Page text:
Thursday, April 24, 2008

Visualizing Carbon Dioxide Emissions

This is a great way to visualize gas emissions which are normally invisible. That's why most people don't have any real sense how much is produced by the things you do in everyday life like running your washing machine or refrigerator.

The black balloons really work, with the black color implying "bad" and they're actually filled with a lighter than air gas that rises into the atmosphere. I'm assuming that the size of the balloons actually represents the 50 grams of greenhouse gas discussed in the ad.

Found on and and the original is at from the Australian government.


  1. Ok, so whoever made this film is all about the environment but he or she released how many thousands of balloons into the air that will end up in streams and lakes killing fish and wildlife? Jerk.

  2. This might be great if it were true - ie. that advertisers, governments, and manufacturers actually believed and supported this tripe that they're pushing.

    Save energy? I'll start believing the hype when cities start targeting all those super-bright, televised signboards that are proliferating like cockroaches throughout downtown cores and along highways, as well as all those neon beer signs, in-store window signs, after-hours shop signs, and any other advertising running after-hours expending added energy .... on advertising.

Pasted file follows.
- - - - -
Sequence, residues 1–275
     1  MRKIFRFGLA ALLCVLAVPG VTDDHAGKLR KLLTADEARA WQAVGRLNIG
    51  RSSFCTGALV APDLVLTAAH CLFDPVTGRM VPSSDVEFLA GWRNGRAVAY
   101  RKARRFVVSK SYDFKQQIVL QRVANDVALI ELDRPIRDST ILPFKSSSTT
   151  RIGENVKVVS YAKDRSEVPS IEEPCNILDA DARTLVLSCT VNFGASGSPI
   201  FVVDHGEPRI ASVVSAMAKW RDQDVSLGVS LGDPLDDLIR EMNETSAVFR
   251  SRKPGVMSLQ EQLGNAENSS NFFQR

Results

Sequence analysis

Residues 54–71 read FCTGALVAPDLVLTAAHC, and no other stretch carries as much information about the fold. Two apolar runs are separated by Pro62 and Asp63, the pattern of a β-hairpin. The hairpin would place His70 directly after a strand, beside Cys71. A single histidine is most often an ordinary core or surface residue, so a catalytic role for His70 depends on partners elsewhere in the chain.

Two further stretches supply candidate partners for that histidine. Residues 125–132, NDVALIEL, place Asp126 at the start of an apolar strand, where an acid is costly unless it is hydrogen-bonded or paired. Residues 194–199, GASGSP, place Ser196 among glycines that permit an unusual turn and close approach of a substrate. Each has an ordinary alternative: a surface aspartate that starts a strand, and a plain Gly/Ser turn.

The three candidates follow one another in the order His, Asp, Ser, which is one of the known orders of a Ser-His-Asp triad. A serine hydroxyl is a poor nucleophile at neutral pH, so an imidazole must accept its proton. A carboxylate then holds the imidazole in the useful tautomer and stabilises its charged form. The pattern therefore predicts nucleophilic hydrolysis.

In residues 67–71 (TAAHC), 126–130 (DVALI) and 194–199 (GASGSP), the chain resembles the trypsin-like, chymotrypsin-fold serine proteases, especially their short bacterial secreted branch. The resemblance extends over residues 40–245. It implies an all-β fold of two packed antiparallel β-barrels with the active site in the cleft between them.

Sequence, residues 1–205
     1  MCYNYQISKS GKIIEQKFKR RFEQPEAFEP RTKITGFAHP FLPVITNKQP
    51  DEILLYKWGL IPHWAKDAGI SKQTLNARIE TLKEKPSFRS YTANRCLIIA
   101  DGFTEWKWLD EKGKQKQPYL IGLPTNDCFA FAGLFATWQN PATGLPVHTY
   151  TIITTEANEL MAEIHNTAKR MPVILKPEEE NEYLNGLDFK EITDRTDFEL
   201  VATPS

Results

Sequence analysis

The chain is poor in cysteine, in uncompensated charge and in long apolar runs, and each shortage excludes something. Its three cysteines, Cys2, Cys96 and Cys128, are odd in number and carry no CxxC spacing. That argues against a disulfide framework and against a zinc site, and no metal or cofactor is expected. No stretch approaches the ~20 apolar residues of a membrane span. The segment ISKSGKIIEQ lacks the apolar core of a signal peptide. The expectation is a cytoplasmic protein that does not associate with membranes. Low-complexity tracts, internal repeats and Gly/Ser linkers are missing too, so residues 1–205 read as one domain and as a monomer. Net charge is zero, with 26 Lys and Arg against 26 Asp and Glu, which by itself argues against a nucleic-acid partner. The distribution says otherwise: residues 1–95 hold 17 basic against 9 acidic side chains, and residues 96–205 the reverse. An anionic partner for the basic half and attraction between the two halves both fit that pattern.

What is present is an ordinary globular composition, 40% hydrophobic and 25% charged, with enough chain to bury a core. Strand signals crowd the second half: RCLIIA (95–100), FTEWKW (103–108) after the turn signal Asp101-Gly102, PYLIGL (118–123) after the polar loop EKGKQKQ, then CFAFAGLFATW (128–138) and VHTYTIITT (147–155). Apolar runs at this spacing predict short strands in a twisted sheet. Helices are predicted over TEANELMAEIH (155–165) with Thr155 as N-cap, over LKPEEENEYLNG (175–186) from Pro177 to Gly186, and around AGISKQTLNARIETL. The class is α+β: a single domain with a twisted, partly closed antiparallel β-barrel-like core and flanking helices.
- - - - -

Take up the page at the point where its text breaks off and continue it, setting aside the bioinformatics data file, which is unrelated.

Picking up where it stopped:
Washing machines at least help maintain people's hygiene and keep people from stinking up the environment.

    Advertising pollutes visually as well as environmentally.

    I watched the "Kapitaal" video too. What a crock! I like the way the filmmaker turned the advertised world into this tranquil, serene environment where product clarity was so obvious. It shows clearly how marketers lie.

    The world is not iconic black and white. The world is full of animated, and flashing signs. The world is full of 6ft. and 10ft. tall disembodied heads all telling you how beautiful and happy they are and by extension how ugly and sad you are. The world also doesn't include a new-age spa-massage soundtrack to waft you from ad to ad to ad until you reach the nirvana of your consumer lust.

    Re-shoot that in real-life and see how tranquil, serene, product-clear, and appealing the world really is.

    Advertising is a cacaphony of chaos. It litters the urban landscape like it's entitled to do so using MASSIVE AMOUNTS OF ENERGY to do so.

    Save energy? Save this planet? Try this for size ...


    Seriously, just walk down to any major city street corner and tell me how serious this problem of saving energy really is if all those signs and advertisements are allowed to stay lit 24/7 365 days a year.


    But I'm supposed to wash my clothes by hand in cold water while sitting in the dark.